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|Title:||Conflict between current knowledge about post-traumatic stress disorder and original conceptual basis|
|Citation:||American Journal of Psychiatry, 1995; 152(12):1705-1713|
|Publisher:||American Psychiatric Association|
|Abstract:||<h4>Objective</h4>The author's goal was to explore the historical, political, and social forces that have played a major role in the acceptance of the idea of trauma as a cause of the specific symptoms of posttraumatic stress disorder (PTSD) and to discuss the impact that current research findings have had on some of the initial conceptualizations of the disorder.<h4>Method</h4>The conceptual origins of PTSD are described, and the literature on the prevalence, longitudinal course, phenomenology, and neurobiology of PTSD is reviewed.<h4>Results</h4>Paradoxically, there are a series of findings that support the idea that PTSD is a distinct diagnostic entity, but these are different from those originally developed from psychosocial theory and stress research.<h4>Conclusions</h4>PTSD has been a controversial diagnosis and is again at a vulnerable point. It is imperative that the field address how current findings challenge the original conceptualizations of this disorder so that the next generation of conceptual issues can be formulated.|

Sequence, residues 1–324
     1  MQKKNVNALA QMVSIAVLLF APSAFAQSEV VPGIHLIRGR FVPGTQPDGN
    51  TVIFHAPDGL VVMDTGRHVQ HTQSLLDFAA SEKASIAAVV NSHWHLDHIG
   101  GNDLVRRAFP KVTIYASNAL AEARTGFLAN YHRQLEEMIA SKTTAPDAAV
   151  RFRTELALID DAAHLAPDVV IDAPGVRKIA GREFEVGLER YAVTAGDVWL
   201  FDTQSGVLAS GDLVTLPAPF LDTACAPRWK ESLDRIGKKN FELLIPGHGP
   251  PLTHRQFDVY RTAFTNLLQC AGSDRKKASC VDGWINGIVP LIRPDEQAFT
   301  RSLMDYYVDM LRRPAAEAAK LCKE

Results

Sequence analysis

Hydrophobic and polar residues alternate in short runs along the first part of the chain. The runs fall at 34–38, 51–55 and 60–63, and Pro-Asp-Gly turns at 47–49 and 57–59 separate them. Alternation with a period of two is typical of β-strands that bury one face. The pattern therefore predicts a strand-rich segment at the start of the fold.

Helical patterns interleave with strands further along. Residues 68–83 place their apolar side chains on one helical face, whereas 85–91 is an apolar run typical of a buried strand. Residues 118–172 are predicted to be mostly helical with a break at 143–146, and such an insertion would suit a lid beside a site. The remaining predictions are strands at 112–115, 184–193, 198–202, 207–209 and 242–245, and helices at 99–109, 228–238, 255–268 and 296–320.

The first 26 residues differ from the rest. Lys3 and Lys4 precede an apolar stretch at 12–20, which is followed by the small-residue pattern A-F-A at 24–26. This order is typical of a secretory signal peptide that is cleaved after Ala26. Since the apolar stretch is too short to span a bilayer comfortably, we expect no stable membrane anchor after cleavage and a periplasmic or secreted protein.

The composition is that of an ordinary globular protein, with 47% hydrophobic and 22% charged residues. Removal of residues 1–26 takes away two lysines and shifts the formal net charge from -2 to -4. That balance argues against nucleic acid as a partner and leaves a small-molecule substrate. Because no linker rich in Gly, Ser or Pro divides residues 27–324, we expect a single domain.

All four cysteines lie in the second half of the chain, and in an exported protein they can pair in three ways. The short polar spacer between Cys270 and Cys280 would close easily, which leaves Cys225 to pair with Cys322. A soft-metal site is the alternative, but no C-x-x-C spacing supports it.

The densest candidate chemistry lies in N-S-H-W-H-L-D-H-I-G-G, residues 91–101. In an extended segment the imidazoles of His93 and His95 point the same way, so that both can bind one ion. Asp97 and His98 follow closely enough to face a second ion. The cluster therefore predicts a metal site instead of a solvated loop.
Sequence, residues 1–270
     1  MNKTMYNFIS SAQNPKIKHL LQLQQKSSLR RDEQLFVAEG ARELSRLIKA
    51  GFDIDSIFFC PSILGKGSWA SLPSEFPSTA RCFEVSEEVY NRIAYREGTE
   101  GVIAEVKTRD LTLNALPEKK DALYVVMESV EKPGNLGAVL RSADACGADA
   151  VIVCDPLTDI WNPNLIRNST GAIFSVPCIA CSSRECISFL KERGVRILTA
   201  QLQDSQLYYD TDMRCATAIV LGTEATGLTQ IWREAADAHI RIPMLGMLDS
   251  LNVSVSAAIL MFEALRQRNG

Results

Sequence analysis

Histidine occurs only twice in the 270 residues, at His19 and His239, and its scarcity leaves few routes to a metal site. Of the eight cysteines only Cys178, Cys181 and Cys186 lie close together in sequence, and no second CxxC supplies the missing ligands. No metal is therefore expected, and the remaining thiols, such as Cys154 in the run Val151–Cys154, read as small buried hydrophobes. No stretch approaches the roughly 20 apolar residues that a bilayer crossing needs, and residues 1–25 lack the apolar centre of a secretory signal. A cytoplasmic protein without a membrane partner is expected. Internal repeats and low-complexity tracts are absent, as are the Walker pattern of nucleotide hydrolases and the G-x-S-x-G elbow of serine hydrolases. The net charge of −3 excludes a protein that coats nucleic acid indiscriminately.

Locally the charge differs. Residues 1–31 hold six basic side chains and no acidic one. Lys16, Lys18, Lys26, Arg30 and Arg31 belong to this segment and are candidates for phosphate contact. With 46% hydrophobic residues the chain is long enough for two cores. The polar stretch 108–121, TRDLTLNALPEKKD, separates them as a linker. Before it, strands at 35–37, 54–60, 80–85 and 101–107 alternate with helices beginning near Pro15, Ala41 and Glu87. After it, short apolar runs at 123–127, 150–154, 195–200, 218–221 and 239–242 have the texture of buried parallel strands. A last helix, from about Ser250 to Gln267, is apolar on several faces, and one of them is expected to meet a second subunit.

|Keywords:||Humans; Prevalence; Risk Factors; Longitudinal Studies; Adaptation, Psychological; Stress, Psychological; Life Change Events; Stress Disorders, Post-Traumatic; Comorbidity; Models, Psychological|
|Appears in Collections:||Psychiatry publications|
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